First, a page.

I teach general graduate and undergraduate courses in American immigration and ethnic history as well as more specific graduate and undergraduate courses in Irish American history, my specialty. In all my graduate and undergraduate courses I use the article “The Invention of Ethnicity” by Kathleen Conzen et al., in the Journal of American Ethnic History, 1992, as well as Charles Tilly’s “Transplanted Networks,” in Virginia Yans-McLaughlin’s Immigration Reconsidered (Oxford, 1990). They establish two of the most important theoretical frameworks for the courses: first, that assimilation is a poor, not very helpful, way to talk about the history of ethnic groups in America and that it is better to understand that ethnic groups and communities are shaped in the historical contingencies of space and time; second, that immigration is a social process, that networks are critical to who leaves one country and why, and how those people adapt in a new one. In my graduate course, I have used Deborah Dash Moore’s fine books, At Home in America (Columbia UP, 1981) and To the Golden Cities (Harvard UP, 1996), to illustrate both this kind of change over time and variation over space, and books by Chris McNickle, To Be Mayor of New York (Columbia UP, 1993), and Joshua Zeitz, White Ethnic New York (UNC Press, 2007), on Jewish and other ethnic politics in New York City. In my undergraduate course, I have used the example of Jewish emigration in a discussion of the causes of emigration, and lectured on the history of interactions between German Jews and east European Jews as a case study in the evolution of ethnic groups. That lecture comes in the first half of the course, when I draw on the history of several groups to establish the general principles and themes of the course.
In that part of the course, I have also given the students copies of two pages of passenger lists from ships carrying Irish, Italian, and Jewish immigrants from European ports to New York in the early twentieth century, and asked them to pick out and quantify the most important differences among the three groups of immigrants. Those differences are dramatic (perhaps even exaggerated in these small samples, though I chose the pages randomly), and the exercise in studying them powerfully illustrates the variety among immigrants in who came and how they came to America: single Irish women often migrating in migration chains made up largely of other Irish women; single and married Italian men traveling in small bands without their families, many of them returning to America after previous visits; and Jewish families, led by wives and mothers, traveling with their children to meet husbands in America. They illustrate not only the diversity of migration experience, but also the critical significance and variety of networks in the migration process.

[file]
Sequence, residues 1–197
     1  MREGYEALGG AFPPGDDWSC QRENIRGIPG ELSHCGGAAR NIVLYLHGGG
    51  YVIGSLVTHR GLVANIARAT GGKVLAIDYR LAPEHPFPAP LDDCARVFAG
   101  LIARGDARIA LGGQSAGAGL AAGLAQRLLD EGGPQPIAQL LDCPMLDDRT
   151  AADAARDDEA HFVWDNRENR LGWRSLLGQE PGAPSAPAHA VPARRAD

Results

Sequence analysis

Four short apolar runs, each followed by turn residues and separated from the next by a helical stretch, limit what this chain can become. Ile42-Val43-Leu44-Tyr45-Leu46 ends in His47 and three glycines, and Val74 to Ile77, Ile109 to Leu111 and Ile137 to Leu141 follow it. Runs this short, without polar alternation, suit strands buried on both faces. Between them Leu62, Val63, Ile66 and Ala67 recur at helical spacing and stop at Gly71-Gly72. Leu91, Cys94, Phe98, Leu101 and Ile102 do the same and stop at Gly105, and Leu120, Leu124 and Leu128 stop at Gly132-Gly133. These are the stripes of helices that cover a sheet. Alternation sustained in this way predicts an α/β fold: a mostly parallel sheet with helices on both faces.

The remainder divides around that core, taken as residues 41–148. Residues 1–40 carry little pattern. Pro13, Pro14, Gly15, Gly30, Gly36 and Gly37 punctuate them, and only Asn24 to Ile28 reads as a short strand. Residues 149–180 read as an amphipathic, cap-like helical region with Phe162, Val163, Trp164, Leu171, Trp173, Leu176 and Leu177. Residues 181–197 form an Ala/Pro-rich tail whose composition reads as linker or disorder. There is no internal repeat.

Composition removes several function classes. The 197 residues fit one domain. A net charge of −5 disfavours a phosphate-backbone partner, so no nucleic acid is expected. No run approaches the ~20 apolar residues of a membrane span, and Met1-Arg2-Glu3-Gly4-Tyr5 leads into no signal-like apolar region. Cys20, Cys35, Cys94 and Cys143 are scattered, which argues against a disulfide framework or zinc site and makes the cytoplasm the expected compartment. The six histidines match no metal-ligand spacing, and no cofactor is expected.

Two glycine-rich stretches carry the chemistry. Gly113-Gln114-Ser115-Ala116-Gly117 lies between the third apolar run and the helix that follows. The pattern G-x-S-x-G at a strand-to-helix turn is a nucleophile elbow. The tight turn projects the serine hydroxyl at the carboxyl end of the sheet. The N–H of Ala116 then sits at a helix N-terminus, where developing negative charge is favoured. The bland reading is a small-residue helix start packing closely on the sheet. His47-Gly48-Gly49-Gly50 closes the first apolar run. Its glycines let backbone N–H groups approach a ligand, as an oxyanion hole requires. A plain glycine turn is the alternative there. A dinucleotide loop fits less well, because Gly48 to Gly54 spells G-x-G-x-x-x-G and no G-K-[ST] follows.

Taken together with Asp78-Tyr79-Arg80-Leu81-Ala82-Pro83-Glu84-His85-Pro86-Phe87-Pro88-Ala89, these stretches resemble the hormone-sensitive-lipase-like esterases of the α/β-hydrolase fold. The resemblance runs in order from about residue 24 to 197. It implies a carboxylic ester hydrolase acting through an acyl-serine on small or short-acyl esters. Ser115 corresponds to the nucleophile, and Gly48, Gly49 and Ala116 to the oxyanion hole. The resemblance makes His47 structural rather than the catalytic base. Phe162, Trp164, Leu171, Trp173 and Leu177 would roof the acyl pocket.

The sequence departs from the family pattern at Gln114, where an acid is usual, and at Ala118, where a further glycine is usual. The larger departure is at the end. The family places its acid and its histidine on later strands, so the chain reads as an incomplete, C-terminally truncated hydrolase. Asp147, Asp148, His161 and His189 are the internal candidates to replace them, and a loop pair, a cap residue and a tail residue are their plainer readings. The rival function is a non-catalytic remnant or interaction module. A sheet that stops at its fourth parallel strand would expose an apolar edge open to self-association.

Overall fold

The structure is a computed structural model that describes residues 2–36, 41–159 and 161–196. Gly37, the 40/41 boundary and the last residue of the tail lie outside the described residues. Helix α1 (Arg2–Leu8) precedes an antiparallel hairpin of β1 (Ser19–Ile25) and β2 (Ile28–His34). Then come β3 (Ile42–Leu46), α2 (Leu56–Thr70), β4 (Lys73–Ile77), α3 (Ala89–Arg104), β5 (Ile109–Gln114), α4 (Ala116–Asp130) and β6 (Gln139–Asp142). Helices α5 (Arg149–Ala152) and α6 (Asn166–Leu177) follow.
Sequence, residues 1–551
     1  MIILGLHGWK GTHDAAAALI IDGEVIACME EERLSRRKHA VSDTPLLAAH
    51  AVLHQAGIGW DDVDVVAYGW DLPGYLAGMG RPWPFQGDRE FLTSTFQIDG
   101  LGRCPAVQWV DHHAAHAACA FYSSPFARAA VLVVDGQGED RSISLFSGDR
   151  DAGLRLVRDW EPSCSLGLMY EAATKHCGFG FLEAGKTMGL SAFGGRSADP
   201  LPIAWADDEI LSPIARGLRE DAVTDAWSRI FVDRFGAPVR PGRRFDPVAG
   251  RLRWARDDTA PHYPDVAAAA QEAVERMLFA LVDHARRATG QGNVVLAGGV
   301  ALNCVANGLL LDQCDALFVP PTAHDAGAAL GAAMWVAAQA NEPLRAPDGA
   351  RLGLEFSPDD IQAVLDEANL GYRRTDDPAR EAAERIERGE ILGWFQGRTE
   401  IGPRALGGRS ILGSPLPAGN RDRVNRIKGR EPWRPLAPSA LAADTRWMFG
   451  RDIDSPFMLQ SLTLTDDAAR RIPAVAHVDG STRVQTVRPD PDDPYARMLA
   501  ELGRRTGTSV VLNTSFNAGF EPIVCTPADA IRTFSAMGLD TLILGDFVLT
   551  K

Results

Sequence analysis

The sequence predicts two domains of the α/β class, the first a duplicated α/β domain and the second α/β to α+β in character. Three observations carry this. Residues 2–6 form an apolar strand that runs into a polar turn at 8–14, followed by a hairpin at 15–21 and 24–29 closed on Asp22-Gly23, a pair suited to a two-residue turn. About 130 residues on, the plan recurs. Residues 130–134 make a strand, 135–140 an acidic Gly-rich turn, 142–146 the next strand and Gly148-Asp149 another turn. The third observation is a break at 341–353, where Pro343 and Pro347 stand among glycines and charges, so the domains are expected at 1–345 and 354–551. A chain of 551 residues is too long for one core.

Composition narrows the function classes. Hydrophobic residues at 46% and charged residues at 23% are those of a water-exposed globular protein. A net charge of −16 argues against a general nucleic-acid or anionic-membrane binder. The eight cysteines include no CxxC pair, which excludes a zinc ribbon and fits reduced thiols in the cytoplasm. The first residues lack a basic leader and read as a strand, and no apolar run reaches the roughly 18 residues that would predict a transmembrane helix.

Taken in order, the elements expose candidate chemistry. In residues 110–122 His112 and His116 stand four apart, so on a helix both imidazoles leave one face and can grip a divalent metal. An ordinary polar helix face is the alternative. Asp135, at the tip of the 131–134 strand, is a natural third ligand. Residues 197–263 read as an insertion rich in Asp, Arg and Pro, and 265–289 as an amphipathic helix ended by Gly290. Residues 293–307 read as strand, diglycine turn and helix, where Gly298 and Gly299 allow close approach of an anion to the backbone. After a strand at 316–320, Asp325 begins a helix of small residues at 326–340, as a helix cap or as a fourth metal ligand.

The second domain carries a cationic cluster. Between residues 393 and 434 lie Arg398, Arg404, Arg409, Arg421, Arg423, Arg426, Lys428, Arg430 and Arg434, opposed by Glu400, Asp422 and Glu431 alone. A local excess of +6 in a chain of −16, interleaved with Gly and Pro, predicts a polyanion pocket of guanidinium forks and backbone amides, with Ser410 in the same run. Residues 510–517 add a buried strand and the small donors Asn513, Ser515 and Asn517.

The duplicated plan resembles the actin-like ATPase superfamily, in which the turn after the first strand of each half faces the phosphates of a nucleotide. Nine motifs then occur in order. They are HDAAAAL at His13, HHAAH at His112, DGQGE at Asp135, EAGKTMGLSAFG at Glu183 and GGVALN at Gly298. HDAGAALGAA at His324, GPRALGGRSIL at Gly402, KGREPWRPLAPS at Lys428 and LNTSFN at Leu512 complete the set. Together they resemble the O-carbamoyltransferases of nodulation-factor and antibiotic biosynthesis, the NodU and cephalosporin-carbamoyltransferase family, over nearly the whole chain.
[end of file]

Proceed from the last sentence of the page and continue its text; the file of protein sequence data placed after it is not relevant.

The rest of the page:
Finally, in my undergraduate Irish American course, I have devoted a class to the antisemitic Father Charles Coughlin. I have a joint appointment as both a tenured member of the history faculty and director of Catholic University’s Archives and Manuscript Collections. Some years ago we discovered two cryptically and confusingly labeled recordings in our holdings. We were able to have them digitized. One was a recording of Monsignor John Ryan’s broadcast in 1936, organized by the Democratic Party, defending Franklin Roosevelt against attacks by Coughlin. The other turned out to be a national broadcast, sponsored by Catholic University, of talks by ve bishops and Al Smith in 1938, condemning Kristallnacht, four days after that Nazi atrocity. For the class session in my Irish American history course I invited Dr. Maria Mazzenga, the education archivist at our archives and an expert on Catholic antisemitism, to speak on the Ryan-Coughlin controversy. We have teaching websites focusing on each of the broadcasts with contextualizing historical background and documents. They can be found at the Catholic University Archives, American Catholic History Classroom website: http://cuomeka.wrlc.org/exhibits.
Timothy J. Meagher is associate professor of History and curator of American Catholic History Collections at Catholic University. He co-edited with Ronald Bayor a collection of essays, The New York Irish (Johns Hopkins University Press, 1996), and is the author of Inventing Irish America (University of Notre Dame Press, 2001) and The Columbia Guide to Irish American History (Columbia University Press, 2005).